Success wasn’t just a goal for Tom and Donna Murray. It was a salve, a need —it’s what brought them together.
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Around the time Tom Murray got drafted and sent to Vietnam, Donna Murray was only just discovering she was a tomboy.
“Being a woman wasn’t a good thing in my family,” she says.
That’s why she wanted to be a sportswriter — that was sure to show her father and brothers she wasn’t tough. But her passion wasn’t sports, she realized; it was competition.
“I drank it,” she says. “I breathed it.”
Tom was different. Getting sent to war woke him up. He calls it “the best thing that ever happened to me.”
“There was nobody successful in my family,” he says. “I looked at them and didn’t want to be them.”
Instead, he became an air traffic controller in New York. And after being fired by President Ronald Reagan during a union strike, he got into the car business. That’s where, in 1985, he met Donna.
When they finally teamed up in 1993, their business thrived. They partnered with 240 dealerships across the country. She would travel. He would work at the shop. That was until 9/11.
After the attacks, the industry collapsed and a stipulation of Donna’s divorce made her move to Florida in order to maintain custody of the kids.
This meant Tom was moving, too. But neither of them were happy about it. Especially Tom.
“Coming down here to retire is one thing, but— ”
“Tom and I gave up everything to move here,” Donna interjects. “When you want to be with your children and you have to move, you do what you have to do. I was just grateful that Tom gave up everything to move down here. He gave up an unbelievable job. So did I.”
“OK, get to the good stuff!” he jokingly prods her along. “We’re not getting paid by the hour here.”
Donna rolls her eyes. He laughs and shakes his head. She keeps going, unfazed.
“Insurance is never in the dumps,” she says. “I ended up loving it. I had no idea. It was, like, God-sent.”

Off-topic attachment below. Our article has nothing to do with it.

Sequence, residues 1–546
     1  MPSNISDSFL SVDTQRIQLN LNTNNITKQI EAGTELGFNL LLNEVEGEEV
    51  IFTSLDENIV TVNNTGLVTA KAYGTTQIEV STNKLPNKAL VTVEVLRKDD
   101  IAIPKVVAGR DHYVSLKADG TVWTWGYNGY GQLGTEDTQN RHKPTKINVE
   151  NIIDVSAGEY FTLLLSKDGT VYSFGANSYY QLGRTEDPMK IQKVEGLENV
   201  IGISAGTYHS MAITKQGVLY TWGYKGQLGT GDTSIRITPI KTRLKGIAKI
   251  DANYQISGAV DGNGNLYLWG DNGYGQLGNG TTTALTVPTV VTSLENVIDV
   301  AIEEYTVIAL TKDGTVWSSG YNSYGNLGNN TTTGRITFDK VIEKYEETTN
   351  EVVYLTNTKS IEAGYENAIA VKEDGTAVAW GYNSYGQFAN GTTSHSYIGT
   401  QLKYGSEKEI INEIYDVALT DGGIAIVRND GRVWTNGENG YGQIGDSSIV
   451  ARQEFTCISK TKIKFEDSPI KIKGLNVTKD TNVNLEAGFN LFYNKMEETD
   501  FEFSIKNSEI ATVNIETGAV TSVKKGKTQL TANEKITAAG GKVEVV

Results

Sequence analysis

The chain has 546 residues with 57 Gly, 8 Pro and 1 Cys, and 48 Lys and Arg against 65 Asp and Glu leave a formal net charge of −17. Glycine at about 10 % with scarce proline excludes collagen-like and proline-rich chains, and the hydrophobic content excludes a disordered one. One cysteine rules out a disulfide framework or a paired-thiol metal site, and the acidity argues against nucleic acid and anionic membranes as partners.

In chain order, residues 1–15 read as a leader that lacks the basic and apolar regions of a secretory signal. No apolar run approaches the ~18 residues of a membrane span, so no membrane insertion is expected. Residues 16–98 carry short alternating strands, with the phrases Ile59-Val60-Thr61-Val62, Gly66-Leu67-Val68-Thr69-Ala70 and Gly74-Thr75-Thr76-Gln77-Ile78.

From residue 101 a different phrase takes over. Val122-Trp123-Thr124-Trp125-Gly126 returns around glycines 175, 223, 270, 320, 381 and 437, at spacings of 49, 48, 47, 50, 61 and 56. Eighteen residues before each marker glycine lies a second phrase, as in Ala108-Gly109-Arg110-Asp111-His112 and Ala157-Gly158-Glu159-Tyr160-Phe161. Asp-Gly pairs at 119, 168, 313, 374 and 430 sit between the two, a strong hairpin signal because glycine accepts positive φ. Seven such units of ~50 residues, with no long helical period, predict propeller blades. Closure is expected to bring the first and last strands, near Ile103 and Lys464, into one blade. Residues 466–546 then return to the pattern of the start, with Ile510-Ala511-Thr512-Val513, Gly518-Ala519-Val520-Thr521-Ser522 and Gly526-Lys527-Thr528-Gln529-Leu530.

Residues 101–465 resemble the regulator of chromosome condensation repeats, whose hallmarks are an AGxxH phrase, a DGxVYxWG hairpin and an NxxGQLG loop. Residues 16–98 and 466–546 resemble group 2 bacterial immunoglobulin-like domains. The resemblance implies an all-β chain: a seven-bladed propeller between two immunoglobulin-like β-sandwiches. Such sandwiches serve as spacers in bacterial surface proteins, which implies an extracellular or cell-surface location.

Donna’s still competitive, but she’s not a tomboy. She laughs loudly and makes herself cry talking about clients who died recently. She’s the type that stops herself mid-story to put a hand on your arm for a beat when she remembers a really good nugget you just have to hear.
“My father always wanted people to like him,” she says. “For my father, to a fault.”
“You too,” Tom chimes in.
“Yeah, me too,” she concedes.
Tom got licensed soon after, in 2002, and eventually their home office in Palm Coast was crowded with stacks of insurance paperwork. They didn’t know a soul in Florida. But neither can sit still for long. They started buying leads, cold-calling, racking up 40,000-50,000 miles a year on their cars to meet clients across the state.
Her first year, Donna earned more than $1 million in revenue.
Today, Murray & Murray is diversified in eight states. They use webcams and conference calls as their primary meeting tools. And no more stacks of paper. They’ve gone all digital.
This year, Donna earned more than $1 million in revenue in just a 21-day span.
“When you do the right thing, the right things follow,” Donna says. “That’s how we got our business.”
“It made everything good.” Tom agrees. “Owning our own business was a really challenging, rewarding situation that I never— ”
“Oh, one more story!” Donna cuts in. But then she needs to go. She needs to call a client.
Tom laughs that knowing laugh. Grins and lifts his eyebrows.
He know it’s never just one more story.